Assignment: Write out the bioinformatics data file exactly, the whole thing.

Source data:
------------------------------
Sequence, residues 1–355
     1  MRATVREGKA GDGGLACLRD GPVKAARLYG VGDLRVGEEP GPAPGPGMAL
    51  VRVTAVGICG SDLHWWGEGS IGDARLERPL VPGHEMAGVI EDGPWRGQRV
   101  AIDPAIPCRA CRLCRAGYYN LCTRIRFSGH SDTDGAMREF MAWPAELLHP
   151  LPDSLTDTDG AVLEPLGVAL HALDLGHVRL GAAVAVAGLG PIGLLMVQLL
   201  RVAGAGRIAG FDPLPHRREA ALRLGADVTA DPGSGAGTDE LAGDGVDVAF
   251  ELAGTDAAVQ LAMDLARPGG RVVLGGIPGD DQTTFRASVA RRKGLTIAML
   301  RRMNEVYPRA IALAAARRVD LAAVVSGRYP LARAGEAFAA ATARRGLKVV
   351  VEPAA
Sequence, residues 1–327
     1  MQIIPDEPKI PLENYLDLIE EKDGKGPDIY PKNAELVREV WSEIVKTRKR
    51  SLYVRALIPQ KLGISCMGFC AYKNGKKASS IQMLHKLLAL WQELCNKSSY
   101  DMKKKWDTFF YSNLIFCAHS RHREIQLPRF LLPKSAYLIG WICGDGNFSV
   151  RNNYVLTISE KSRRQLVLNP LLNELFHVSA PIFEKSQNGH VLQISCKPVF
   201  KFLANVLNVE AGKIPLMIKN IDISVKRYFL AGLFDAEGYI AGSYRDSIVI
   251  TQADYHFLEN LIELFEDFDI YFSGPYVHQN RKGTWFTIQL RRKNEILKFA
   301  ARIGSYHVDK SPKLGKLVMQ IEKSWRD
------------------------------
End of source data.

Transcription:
Sequence, residues 1–355
     1  MRATVREGKA GDGGLACLRD GPVKAARLYG VGDLRVGEEP GPAPGPGMAL
    51  VRVTAVGICG SDLHWWGEGS IGDARLERPL VPGHEMAGVI EDGPWRGQRV
   101  AIDPAIPCRA CRLCRAGYYN LCTRIRFSGH SDTDGAMREF MAWPAELLHP
   151  LPDSLTDTDG AVLEPLGVAL HALDLGHVRL GAAVAVAGLG PIGLLMVQLL
   201  RVAGAGRIAG FDPLPHRREA ALRLGADVTA DPGSGAGTDE LAGDGVDVAF
   251  ELAGTDAAVQ LAMDLARPGG RVVLGGIPGD DQTTFRASVA RRKGLTIAML
   301  RRMNEVYPRA IALAAARRVD LAAVVSGRYP LARAGEAFAA ATARRGLKVV
   351  VEPAA
Sequence, residues 1–327
     1  MQIIPDEPKI PLENYLDLIE EKDGKGPDIY PKNAELVREV WSEIVKTRKR
    51  SLYVRALIPQ KLGISCMGFC AYKNGKKASS IQMLHKLLAL WQELCNKSSY
   101  DMKKKWDTFF YSNLIFCAHS RHREIQLPRF LLPKSAYLIG WICGDGNFSV
   151  RNNYVLTISE KSRRQLVLNP LLNELFHVSA PIFEKSQNGH VLQISCKPVF
   201  KFLANVLNVE AGKIPLMIKN IDISVKRYFL AGLFDAEGYI AGSYRDSIVI
   251  TQADYHFLEN LIELFEDFDI YFSGPYVHQN RKGTWFTIQL RRKNEILKFA
   301  ARIGSYHVDK SPKLGKLVMQ IEKSWRD